Data availability: Government has an abundance of data, but most of it is not used to its full potential, with barriers ranging from real or perceived legal concerns to technical differences in collection. At this round table, policy and digital leaders will consider how they could make the greatest impact on data availability across government, and what steps could be taken to achieve this impact.
Chaired by Tamara Finkelstein, Permanent Secretary, Department for Environment, Food and Rural Affairs
Kindly supported by Leidos

As the use of data progresses and evolves, we begin to question the benefits and the risks. ‘How do we overcome the new challenges collectively as one Civil Service?’ - is the big question that was asked during this session on data availability.

The key issue that the panel initially addresses was the lack of trust from the general public in how their data is handled and used. One speaker said that the only option is to be open, transparent, honest and trustable. The panel discussed a potential risk and rewards strategy, thinking about a model in taking data via consent and showcasing the benefits. Without the trust of the public it would be impossible to implement the changes needed to use data efficiently.

It’s important to recognise the culture shift in the new consistent use in data, one speaker shared a personal anecdote about being tasked with the registration of her GP practice, she said that despite her husband refusing to share any forms of personal data she would opt in as she believed that in a life and death scenario it was important the relevant medical practitioners had all the information they needed to provide the best care. 

The conversation moved to the barriers to international trade for SMEs as a result of a mistrust in data handling at the Department for Business and Trade. Often they receive feedback that despite their close relationships with trade partners small businesses would prefer not to share their commercial plans as they know multiple people can see and access the data. 

One speaker raised the need to advocate for the importance of data ability despite there being a distance between what politicians want and this key area. This also came with the importance of being properly upskilled and informed on how to handle and interrogate data most effectively, this highlighted the barrier of lack of resource also preventing the sharing of data inhibiting vital work. This led to the reference of the radical combination of ex prisoner data and employment data at DWP which meant they could see whether ex-prisoners were going to work or not. It was such a massively important thing to know what is happening to someone who's coming into prison, but every time that data matching process was done, it took months and months to actually get the big insights from it. 

Many of those who attended reflected on the use of data in the fight against Covid19. One speaker mentioned the policy rationale for embedding code paths within the HSR used to encourage more people to use the NHS app and how the process was efficient in order to deliver at pace. What it explored was how straightforward it was if you were vaccinated in England, but of course you had people who were selflessly taking part in vaccine trials who were unaware if they had had the placebo or actual vaccine, these complications could limit travel and again led to distrust.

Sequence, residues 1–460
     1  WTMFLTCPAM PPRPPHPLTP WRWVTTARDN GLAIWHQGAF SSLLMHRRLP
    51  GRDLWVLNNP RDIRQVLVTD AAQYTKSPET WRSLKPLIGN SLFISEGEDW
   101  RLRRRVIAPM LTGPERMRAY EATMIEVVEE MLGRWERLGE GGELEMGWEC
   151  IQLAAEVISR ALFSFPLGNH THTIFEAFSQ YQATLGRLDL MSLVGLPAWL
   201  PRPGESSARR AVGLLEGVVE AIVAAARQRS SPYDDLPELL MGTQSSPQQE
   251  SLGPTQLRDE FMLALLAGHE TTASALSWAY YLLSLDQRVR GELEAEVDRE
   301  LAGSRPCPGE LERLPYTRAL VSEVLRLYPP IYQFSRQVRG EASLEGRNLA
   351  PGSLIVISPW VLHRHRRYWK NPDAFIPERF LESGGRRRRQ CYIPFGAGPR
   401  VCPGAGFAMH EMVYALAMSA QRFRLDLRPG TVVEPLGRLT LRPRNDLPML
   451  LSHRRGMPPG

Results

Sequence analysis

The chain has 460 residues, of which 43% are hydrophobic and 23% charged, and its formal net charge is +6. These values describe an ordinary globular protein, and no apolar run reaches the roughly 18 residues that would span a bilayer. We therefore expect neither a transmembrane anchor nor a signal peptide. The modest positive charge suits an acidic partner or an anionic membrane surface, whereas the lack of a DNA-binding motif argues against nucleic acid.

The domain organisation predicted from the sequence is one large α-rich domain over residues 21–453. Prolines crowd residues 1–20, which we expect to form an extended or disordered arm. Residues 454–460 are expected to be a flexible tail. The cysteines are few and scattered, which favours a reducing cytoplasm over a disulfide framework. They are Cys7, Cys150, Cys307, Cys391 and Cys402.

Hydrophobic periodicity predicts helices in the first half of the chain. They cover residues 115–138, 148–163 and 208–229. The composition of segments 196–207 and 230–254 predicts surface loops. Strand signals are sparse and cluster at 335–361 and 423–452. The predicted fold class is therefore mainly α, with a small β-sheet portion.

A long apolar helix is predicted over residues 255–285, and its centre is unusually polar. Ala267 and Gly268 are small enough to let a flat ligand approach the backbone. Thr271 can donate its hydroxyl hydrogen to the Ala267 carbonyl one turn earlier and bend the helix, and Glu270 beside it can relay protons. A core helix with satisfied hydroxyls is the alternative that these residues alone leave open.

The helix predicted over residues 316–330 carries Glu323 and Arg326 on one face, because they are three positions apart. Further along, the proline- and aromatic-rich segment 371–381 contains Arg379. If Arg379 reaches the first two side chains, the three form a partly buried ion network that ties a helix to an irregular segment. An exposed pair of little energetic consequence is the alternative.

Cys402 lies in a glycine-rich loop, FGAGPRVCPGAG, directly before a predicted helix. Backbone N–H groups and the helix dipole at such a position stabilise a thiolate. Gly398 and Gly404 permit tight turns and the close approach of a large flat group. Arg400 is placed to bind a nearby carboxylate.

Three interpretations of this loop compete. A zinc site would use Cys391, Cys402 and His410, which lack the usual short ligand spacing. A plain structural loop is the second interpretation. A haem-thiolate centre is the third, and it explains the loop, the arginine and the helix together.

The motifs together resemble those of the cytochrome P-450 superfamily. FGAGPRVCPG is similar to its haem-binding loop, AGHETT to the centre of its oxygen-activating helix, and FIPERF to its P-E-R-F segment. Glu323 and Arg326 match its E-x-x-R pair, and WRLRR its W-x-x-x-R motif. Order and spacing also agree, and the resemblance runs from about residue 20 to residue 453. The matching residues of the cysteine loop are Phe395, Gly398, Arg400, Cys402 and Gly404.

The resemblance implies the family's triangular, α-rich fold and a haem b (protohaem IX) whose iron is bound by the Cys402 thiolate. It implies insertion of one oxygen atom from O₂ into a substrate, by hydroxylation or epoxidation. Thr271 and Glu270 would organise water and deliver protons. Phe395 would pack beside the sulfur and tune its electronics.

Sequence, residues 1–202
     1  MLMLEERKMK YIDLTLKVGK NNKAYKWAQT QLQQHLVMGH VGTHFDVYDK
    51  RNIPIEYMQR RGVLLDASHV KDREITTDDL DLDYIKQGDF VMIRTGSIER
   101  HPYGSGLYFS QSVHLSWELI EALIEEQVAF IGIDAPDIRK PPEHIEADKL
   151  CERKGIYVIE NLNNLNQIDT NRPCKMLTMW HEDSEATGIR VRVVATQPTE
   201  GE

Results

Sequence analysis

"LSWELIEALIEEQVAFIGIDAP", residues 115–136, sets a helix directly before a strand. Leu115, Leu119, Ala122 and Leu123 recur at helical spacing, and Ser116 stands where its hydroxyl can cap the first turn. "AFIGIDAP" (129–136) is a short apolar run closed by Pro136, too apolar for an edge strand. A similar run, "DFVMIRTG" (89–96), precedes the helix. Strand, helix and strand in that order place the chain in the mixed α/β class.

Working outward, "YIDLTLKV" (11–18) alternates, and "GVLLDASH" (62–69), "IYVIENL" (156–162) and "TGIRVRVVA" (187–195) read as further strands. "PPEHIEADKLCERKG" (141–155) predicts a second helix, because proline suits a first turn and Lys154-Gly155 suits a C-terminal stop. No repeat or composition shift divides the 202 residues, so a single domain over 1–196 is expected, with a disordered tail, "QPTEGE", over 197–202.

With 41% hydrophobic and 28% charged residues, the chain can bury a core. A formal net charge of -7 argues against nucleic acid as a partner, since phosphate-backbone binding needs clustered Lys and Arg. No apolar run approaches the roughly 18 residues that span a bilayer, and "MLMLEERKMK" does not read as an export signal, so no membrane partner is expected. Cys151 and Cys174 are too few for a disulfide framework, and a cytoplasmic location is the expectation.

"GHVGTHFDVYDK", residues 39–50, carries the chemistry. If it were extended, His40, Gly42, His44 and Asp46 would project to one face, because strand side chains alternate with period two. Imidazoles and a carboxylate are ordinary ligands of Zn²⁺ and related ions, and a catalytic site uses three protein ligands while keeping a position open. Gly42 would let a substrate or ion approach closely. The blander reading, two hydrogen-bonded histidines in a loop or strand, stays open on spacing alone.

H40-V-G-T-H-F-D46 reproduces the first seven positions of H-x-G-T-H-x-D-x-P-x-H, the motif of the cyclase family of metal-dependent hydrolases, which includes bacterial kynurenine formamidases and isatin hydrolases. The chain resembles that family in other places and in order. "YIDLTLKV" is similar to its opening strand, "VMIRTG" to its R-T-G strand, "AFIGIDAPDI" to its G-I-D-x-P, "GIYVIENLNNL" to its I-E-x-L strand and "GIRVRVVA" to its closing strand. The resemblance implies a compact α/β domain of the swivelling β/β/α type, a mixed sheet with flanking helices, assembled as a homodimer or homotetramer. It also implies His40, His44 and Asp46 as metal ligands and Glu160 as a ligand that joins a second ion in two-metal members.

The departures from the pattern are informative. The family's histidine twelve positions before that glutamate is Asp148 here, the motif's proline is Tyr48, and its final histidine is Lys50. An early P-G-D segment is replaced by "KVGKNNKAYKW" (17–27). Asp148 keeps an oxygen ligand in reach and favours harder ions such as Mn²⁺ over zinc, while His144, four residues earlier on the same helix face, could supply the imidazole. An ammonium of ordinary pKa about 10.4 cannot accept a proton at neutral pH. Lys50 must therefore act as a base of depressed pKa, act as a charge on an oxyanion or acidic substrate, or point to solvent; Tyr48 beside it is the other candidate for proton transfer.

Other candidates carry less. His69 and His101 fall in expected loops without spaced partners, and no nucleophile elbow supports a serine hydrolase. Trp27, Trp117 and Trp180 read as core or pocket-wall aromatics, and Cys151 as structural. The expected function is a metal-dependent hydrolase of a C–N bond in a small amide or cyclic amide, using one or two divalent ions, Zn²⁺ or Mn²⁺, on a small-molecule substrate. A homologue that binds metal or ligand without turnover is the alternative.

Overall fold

One participant then raised the difficulty of the privacy of the NHS number, and supported Ukrainian refugees to ensure they can operate within UK systems. Which led to the discussion around legal barriers around GDPR and who we define as the legal owner of data. If there are multiple owners that pass data and they have conflicting definitions on the laws around using data then how do you effectively interpret the data given without breaching regulations. Is there a way to define an owner? One suggestion was to introduce a government data owner but there were concerns around this solution. 

One speaker than said that In the health space the legal problems are ‘disguised’ human problems; they are cultural issues where by people are choosing to interpret a frankly complicated legal landscape which means fundamentally ‘I don't have to share my data.’ The incentives for sharing data aren’t perceived to outweigh the risks around incorrectly sharing data, so the natural human reaction isn't to share data. It's less that we need a place for data ownership but more so that we need a final definition on data ownership. 

One speaker then agreed that there is a fundamental risk and incentive problem, however no one raised the risk of not sharing data and that data owners have a duty to share their data, for example if a doctor had vital data that could save lives they have a responsibility to act upon that and share that data. 

The chair then moved to the conversation on how policy makers use data and whether they used data to the best effect, whether this be in a strategic or operational effect. She stated that she wanted the Civil Service to use data more to be strategic with our policymaking and that collectively we need to look at data to see the new insights on a certain problem. This also sparked a conversation on how civil servants use data to best inform ministers and whether change is needed. 

In summary, there is a cultural shift needed to improve the way we use and share data to bring around change. We need to increase the incentive of sharing data and also be honest and transparent on the uses of data to ensure we have public trust to gain the insights needed to support policy.